BOSTON — Two incumbent Democratic Massachusetts lawmakers will not be returning to Beacon Hill after losing their primary races, and Thursday’s voting also set the stage for several other contests in November.

Voter interest in the primary was dampened by the absence of any statewide races on this year’s ballot. The state’s presidential primaries were March 1. Election officials had said they doubted more than 1 in 10 voters would venture to the polls, though turnout was expected to be higher for some spirited local races.

State Rep. Marcos Devers finished behind Juana Matias, a lawyer and advocate on immigration issues, in a three-way Democratic primary in Lawrence. Devers had represented the city since 2010.

Four-term Democratic Rep. Timothy Toomey was ousted by Mike Connolly, a lawyer and community activist, in the primary in parts of Cambridge and Somerville.

In the race to succeed state Sen. Brian Joyce, who did not seek re-election amid a federal investigation, state Rep. Walter Timilty, of Milton, won the Democratic primary over Nora Harrington. Timilty will face an independent candidate, Jon Lott, in November.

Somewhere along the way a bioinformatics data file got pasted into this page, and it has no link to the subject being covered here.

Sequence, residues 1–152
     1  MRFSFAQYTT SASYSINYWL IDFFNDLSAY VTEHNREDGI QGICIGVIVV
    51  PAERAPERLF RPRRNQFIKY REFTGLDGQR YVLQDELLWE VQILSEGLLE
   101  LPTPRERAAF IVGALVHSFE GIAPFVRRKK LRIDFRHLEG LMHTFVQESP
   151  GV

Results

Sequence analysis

Voters also decided primaries in two state Senate districts on opposite sides of the state where incumbents were not seeking re-election.

Adam Hinds, head of the Northern Berkshire Community Coalition, bested two other Democratic candidates and will square off against Republican Christine Canning in November for the seat now held by Democrat Benjamin Downing.

Democrat Julian Cyr, a former state public health official from Truro, and Republican Anthony Schiavi, a retired U.S. Air Force brigadier general from Harwich, won their respective primaries and will meet in November for the seat now held by Democratic Sen. Dan Wolf.

Thursday’s lone contested congressional primary in Massachusetts was in the 9th District, where Mark Alliegro, a scientist from Falmouth, defeated fellow Republican Thomas O’Malley of Marshfield. Alliegro will face incumbent Democratic Rep. William Keating in November. Only three other members of the state’s all-Democratic U.S. House delegation, Joe Kennedy, Niki Tsongas and Katherine Clark, have Republican opponents this fall.

In an unusual development, Joan Meschino, a Democrat from Hull, was declared the winner in both a state Senate primary and a state House primary.

Meschino was on the ballot for the Senate seat then launched a write-in campaign for the House seat held by Democratic Rep. Garrett Bradley when he made a late decision not to seek re-election.

Meschino is expected to decline the nomination to run against incumbent Republican state Sen. Patrick O’Connor and continue her pursuit of the House seat. If so, the Democratic party could choose another candidate to challenge O’Connor in November.

In Springfield, meanwhile, a House seat will not be remaining in the family as Benjamin Swan Jr. finished second behind City Councilor Bud Williams in a four-way Democratic primary race to succeed Swan’s father, longtime Democratic Rep. Benjamin Swan Sr., who is retiring.